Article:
. . . the disease called scarlet fever assumed a very benign type in Dublin soon after the year 1804 (following an 1801-1804 epidemic of fatal scarlet fever), and continued to be seldom attended with danger until the year 1831, when we began to perceive a notable alteration in its character, and remarked that the usual undisguised and inflammatory nature of the attack was replaced by a concealed and insidious form of fever, attended with great debility. We now began occasionally to hear of cases which proved unexpectedly fatal, and of families in which several children were carried off; still it was not until the year 1 834 that the disease spread far and wide, assuming the forni of a destructive epidemic .... The contagion seemed to act as a more deadly poison on the individuals of some families than upon those of others, and, consequently, when one member of a family had died, there was always much reason to fear for I the others when attacked.3
One wonders if some of the deaths with multiple organ disease and a rapid downhill cause may have been similar to the current cases of streptococcal toxic shock. However, these historic epidemics differed in that disease was most severe for children. The Archbishop of Canterbury apparently lost five of his six daughters to scarlet fever in spring 1856, and another author describes a British family that, after losing four of five children, moved and had their home completely disinfected, but after they moved back, the remaining child also died of this disease.
Near the end of the 19th century, a gradual trend towards decreasing virulence for scarlet fever was noted in the United States and Europe. Case fatality rates in London changed from 16% in 1863 to 10.9% in 1883, 7.5% in 1887, 2.3% in 1890, and 0.9% in 1891. In 34 US states, mortality dropped from 10.2 per 100,000 population in 1900 to 4-6 in 1920, and 1.9 in 1926. Other countries varied in the timing of waning virulence. Russia experienced a case fatality rate of 22.3% from 1892 through 1915 and China lost between 50,000 and 200,000 to a 1921 epidemic.3 Corresponding to this loss of virulence was a drop in the incidence of acute rheumatic fever. Death rates for this complication in the United States dropped from almost 7 per 100,000 in 1910 to about 1.3 in 1940 and fewer than 0.5 between 1960 and 1977.4 Some correlation has been noted between changes in virulence and changes in types of streptococci during this century.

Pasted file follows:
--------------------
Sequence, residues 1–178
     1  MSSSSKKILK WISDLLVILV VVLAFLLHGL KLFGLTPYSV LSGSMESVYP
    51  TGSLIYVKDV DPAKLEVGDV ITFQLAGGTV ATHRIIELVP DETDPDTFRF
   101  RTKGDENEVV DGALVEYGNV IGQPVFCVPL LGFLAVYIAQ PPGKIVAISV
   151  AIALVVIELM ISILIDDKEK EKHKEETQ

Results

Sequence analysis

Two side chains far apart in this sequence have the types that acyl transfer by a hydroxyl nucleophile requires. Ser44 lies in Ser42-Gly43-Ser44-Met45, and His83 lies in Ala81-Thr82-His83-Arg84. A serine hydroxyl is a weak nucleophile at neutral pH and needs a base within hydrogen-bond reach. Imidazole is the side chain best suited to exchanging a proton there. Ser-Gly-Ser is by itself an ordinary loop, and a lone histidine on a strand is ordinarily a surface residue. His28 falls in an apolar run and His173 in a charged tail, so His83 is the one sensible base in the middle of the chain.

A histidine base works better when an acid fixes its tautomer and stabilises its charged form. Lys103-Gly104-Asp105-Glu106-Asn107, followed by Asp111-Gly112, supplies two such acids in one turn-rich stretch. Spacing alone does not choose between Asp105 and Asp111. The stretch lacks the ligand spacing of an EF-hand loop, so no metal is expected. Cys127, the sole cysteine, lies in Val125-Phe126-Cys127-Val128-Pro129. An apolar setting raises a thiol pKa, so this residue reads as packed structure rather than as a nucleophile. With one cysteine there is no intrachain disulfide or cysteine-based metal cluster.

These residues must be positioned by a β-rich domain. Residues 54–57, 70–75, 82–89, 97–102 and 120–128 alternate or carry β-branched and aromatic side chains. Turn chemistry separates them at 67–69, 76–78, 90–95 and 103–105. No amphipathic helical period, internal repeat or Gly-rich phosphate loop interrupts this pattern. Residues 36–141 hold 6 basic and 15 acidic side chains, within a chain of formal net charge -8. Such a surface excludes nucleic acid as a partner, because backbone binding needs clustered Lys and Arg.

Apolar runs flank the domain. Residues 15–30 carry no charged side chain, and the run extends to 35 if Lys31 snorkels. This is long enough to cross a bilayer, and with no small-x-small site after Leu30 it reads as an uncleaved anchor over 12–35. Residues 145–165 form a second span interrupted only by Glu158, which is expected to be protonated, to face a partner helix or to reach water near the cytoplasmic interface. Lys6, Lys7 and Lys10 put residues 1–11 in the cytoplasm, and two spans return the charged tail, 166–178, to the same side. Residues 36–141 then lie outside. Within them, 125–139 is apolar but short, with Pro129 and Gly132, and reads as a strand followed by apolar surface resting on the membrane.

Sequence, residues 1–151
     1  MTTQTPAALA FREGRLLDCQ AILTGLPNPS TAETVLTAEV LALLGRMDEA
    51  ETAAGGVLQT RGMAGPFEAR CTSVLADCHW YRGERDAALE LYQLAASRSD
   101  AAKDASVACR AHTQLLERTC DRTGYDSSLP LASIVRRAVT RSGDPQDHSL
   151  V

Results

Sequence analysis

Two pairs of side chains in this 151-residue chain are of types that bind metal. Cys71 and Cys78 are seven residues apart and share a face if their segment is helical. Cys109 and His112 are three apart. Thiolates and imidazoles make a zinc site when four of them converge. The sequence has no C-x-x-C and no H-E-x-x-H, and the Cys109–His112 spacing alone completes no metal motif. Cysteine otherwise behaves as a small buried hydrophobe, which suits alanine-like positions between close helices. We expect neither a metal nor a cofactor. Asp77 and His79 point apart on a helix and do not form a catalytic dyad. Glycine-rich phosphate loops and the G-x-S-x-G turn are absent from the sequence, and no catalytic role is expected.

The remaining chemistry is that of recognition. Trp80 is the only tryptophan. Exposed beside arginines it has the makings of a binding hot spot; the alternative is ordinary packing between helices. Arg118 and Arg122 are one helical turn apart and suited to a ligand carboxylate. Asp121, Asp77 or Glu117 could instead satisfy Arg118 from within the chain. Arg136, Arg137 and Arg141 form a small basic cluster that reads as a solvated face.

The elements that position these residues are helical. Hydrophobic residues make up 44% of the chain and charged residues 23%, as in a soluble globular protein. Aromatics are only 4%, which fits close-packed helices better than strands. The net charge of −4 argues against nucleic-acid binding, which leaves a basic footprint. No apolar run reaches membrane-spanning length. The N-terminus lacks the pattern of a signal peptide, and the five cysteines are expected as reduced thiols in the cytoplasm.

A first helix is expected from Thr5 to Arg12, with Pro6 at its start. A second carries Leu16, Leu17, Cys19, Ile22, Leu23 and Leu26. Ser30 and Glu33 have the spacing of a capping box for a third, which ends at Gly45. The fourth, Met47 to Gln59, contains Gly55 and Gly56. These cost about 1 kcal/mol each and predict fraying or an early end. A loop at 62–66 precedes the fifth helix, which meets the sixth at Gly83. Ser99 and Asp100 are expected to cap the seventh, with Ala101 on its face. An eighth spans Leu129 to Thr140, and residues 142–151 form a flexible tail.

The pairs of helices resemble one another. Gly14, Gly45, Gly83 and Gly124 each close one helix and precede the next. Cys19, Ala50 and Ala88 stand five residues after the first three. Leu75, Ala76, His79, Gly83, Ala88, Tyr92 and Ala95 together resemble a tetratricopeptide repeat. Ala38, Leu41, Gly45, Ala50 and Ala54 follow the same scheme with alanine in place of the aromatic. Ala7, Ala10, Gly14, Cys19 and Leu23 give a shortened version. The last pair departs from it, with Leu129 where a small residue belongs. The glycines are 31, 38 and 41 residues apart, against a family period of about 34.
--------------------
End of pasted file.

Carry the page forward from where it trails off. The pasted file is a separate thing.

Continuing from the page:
HISTORY OF NECROTTZING FASCIITIS
Necrotizing fasciitis made a dramatic appearance in the literature as part of the recent resurgence of GABHS.' The term flesh eating strep received lay recognition as a "new" problem. Actually, necrotizing fasciitis was making a return appearance. It, was rampant during the Civil War, and official records cite 2,642 cases, with a 46% mortality rate, during the War Between the States.5'8 Although GABHS is felt to have caused this epidemic, necrotizing fasciitis (alias necrotizing erysipelas, gangrenous erysipelas, streptococcal gangrene, or hospital gangrene) can be produced by other organisms such as Staphylococcus aureus. However, Pfauner demonstrated that GABHS could be isolated from necrotizing fasciitis by culture in 1918. Meleney reported 20 cases associated with GABHS from China in 1924, and others have reported similar cases between then and 1980.6-8
HISTORY OF PUERPERAL SEPSIS